DCF to recruit more medical foster homes
State child welfare officials are trying to recruit more medical foster homes and are increasing oversight to prevent disabled foster children from having to live in nursing homes.
This week's policy change from the Department of Children and Families comes as state health officials are fighting accusations that it's warehousing disabled children in adult nursing homes with little concern for their educational and socials needs because the state routinely slashes in-home care.
DCF has about 30 disabled children who are in state custody living in nursing homes. Almost another 200 disabled children not under DCF care also reside in nursing homes unnecessarily because parents say their in-home medical services have been routinely cut. The allegations come from federal investigators and a federal lawsuit filed by families of more than a dozen children.
Federal justice officials have threatened their own lawsuit against state health officials if the state does not comply, but the Agency for Health Care Administration has repeatedly insisted they are in full compliance with all Medicaid laws.
Meanwhile, DCF sent a letter this week requiring that Secretary David Wilkin's office or another top administrator sign off on any move to place a child in a nursing home. Children placed in institutions will be monitored monthly and a required timeline will ensure there is an attempt to move the child back home whenever possible, according to the memo.
"Let's make it hard for anyone to be able to make a decision that would make a child go into a nursing home," Wilkins said Thursday.
The agency will also beef up recruiting efforts for medical foster homes. There are now about two dozen.
"The biggest holdup we've had is if there is a child that could go home but doesn't have a home to go to," he said.
DCF officials stressed their policy has always been to keep children at home whenever possible.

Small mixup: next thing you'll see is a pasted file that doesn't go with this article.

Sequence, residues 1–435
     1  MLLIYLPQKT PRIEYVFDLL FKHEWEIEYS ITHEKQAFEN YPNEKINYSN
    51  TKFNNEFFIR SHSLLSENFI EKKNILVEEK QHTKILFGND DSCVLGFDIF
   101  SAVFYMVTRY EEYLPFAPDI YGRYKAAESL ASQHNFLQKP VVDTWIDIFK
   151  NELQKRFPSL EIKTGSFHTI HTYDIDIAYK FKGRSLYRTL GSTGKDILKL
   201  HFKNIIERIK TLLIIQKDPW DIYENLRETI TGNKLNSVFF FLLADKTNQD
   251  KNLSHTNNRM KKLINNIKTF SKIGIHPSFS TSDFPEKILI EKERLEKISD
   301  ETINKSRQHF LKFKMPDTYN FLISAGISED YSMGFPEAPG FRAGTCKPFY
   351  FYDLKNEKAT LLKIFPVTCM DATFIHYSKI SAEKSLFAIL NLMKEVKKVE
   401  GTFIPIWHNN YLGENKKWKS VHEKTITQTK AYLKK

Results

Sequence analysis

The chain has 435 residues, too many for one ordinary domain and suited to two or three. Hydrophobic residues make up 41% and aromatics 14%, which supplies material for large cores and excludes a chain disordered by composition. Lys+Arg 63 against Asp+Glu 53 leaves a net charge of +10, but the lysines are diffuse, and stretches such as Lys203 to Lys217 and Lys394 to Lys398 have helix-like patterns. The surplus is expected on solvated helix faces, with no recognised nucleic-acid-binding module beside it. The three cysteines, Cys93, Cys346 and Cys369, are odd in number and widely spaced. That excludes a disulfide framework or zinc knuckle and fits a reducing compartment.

A 16-year-old girl referred to as "T.H." in the lawsuit came into foster care as a baby after being shaken so severely she received severe brain damage. She lived happily in a medical foster home for nearly ten years, attending physical and speech therapies at a local rehab center. But after being hospitalized in 2006 to insert a tracheotomy tube she was forced into a nursing home even though her foster parents wanted her home, according to the lawsuit. She was eventually transferred home and then back to the nursing home several months later because the state refused sufficient in-home nursing care.
Nearly six years later, her foster parents are fighting for her to return home, saying her medical condition in the facility has been stable and she is no longer requires a ventilator, according to the lawsuit.
The teen is suffering because of "current policies and practices that fail to provide medically necessary services in the community and force her to be institutionalized," according to the lawsuit.
DCF officials said they can't comment on minor's cases.
Officials for the Agency for Health Care Administration have repeatedly said children should be cared for in the least restrictive setting as possible and that the parents ultimately decide to put their children in a facility.
"All medically necessary services are available to children enrolled in the Medicaid program," Secretary Liz Dudek said in a letter sent last Friday to the Justice Department.
But parents say the continual cuts in services, especially in-home nursing care, leaves them with no other choice. Federal investigators also pointed out the state offerings nursing homes financial incentives to accept children.
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